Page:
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The good thing about Animate is that it can do different things for different people. The main thing I've used it for in the last eight years has been to make mobile apps, almost all of which work on iOS. The one that doesn't work on iOS can work, it was just that the client only wanted an Amazon version.
I know other people who only use it for animating to export to video, most likely to go to YouTube or Vimeo. It's true that Animate could have a more normal system Share menu, but the way that it achieves code driven animations in video export is not quite the same as simply exporting from iMovie.
It still can be used for desktop web activities and games, and it's good that you can make HTML5 games too.
I'm sure someone is still using it as a web animation tool, but I don't think Adobe are promoting it for that in particular.
Thank you for your observations. I will share this post with the product team in case they have not had a chance to look at it thus far.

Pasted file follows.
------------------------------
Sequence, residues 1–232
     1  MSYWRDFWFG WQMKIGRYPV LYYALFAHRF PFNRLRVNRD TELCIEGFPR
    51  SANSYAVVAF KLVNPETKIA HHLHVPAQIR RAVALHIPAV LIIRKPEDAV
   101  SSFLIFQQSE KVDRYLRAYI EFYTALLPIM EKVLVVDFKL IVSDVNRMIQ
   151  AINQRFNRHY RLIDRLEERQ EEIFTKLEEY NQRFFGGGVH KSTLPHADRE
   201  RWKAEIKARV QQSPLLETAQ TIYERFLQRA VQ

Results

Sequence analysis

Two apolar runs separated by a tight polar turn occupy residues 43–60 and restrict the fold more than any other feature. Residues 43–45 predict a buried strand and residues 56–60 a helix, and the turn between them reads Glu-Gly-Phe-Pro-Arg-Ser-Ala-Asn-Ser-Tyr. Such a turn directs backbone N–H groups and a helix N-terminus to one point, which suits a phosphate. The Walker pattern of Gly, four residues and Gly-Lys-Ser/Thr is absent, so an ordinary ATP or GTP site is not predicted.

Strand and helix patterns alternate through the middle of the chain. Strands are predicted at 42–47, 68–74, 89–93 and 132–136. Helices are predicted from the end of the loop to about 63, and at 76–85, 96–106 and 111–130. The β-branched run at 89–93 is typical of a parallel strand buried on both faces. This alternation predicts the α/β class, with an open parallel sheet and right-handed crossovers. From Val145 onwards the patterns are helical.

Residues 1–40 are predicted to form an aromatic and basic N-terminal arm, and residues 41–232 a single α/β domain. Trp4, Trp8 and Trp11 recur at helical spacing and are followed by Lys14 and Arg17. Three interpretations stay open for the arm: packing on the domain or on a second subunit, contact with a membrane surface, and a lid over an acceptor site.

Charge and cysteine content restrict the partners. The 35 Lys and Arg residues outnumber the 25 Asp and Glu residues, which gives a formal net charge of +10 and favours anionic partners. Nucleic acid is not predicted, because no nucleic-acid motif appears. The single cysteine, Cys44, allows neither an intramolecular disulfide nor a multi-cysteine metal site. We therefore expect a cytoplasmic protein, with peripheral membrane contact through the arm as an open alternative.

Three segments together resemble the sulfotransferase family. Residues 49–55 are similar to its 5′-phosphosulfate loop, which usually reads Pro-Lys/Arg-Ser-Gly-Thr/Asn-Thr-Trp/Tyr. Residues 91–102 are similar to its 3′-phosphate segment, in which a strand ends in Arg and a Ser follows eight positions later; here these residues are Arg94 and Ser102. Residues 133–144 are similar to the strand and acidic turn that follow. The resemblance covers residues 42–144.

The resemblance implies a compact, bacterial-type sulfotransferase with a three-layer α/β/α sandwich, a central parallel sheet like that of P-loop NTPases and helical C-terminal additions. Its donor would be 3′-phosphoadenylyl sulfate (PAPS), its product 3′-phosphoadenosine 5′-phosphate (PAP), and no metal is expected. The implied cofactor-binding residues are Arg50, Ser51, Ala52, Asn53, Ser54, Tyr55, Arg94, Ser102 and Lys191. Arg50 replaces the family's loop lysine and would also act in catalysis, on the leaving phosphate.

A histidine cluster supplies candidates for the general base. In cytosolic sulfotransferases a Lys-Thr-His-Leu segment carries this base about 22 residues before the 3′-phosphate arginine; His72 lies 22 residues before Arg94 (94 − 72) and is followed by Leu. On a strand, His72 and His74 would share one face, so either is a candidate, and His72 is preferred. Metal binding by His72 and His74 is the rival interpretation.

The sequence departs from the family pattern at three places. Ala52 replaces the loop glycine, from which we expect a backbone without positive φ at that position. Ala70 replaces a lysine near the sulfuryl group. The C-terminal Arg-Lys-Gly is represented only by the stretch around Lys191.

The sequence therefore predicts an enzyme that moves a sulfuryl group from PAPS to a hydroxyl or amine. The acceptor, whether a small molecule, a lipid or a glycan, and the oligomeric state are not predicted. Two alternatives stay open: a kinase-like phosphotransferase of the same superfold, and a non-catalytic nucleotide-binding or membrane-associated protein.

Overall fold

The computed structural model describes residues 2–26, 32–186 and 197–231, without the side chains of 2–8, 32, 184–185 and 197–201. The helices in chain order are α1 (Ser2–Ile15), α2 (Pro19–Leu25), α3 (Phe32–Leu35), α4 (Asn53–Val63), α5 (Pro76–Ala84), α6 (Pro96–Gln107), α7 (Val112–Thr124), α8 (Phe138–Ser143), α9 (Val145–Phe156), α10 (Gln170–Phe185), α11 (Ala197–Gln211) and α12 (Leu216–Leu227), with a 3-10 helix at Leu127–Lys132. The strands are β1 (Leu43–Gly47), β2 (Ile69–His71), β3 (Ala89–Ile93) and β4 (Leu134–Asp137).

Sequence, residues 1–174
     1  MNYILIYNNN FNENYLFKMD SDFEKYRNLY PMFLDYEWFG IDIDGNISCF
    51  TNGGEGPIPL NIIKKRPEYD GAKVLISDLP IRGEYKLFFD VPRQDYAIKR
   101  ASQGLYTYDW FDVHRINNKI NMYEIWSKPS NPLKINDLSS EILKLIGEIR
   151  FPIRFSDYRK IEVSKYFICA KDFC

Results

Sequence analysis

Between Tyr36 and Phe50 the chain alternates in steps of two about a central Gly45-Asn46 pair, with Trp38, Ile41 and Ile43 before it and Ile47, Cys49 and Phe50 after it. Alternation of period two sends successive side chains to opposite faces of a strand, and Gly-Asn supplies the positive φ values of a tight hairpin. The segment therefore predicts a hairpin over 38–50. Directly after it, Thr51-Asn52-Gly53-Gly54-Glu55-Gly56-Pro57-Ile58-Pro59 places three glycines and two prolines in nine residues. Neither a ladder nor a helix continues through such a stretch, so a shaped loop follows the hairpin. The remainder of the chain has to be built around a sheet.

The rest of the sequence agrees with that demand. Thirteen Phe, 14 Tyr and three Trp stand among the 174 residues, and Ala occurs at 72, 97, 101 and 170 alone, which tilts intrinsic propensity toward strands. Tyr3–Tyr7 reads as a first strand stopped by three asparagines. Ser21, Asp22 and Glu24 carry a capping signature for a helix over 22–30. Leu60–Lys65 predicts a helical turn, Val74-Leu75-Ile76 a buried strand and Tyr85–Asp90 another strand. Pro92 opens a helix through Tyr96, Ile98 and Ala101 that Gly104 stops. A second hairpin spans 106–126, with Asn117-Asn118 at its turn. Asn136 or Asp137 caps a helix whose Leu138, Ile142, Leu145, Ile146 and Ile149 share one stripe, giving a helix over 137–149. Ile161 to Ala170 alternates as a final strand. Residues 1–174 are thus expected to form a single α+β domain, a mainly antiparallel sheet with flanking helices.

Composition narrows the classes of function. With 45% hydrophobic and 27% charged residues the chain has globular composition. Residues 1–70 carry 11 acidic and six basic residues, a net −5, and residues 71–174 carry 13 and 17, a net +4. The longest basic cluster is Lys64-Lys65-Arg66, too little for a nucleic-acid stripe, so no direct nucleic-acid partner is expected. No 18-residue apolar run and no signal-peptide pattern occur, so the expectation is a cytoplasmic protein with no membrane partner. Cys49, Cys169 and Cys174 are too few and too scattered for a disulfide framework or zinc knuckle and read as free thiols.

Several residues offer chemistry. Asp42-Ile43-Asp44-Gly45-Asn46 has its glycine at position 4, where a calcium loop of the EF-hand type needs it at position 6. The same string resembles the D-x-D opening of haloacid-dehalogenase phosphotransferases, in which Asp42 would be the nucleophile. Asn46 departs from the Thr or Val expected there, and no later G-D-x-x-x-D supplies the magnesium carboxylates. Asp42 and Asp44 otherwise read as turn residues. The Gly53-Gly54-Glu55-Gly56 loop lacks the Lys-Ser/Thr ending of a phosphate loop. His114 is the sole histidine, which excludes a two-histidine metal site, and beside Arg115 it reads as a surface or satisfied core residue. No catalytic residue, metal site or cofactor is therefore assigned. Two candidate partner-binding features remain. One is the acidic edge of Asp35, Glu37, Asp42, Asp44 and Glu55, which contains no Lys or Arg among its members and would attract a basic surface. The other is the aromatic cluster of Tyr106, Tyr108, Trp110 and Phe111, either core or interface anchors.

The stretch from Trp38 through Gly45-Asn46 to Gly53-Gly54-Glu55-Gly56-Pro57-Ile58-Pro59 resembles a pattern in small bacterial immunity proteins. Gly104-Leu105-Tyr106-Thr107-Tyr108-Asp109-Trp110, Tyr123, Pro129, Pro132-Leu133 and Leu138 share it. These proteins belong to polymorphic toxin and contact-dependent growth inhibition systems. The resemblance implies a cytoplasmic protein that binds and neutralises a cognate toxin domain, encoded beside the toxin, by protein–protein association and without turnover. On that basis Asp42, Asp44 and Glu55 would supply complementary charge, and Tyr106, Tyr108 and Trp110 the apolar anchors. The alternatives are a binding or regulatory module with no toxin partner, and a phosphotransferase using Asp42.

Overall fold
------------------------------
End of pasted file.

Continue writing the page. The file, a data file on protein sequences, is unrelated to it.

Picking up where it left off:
...but as people are moving from Flash because of the lack of support on iOS devices, the focus of animate should involve simply creating animations.
Adobe literally renaming Flash to "Animate" didn't catch your attention?
Flash's original purpose was creating simple animations. It continues to be used for animations. Entire animated web and television series are produced using it. So... I'm not getting your complaint.
Having a single piece of software that is used for apps, games, web animation and tv animation and yet does all of them with at best questionable level of quality is the biggest issue with Animate and why it is increasingly shunned by anyone who knows what they are doing. In my opinion Animate should be two programs, one of which is an interactive animation tool, the other a broadcast animation tool. This should have been done 10 years ago, but I think there is only 4 people working on Animate at Adobe so I wouldn't hold your breath.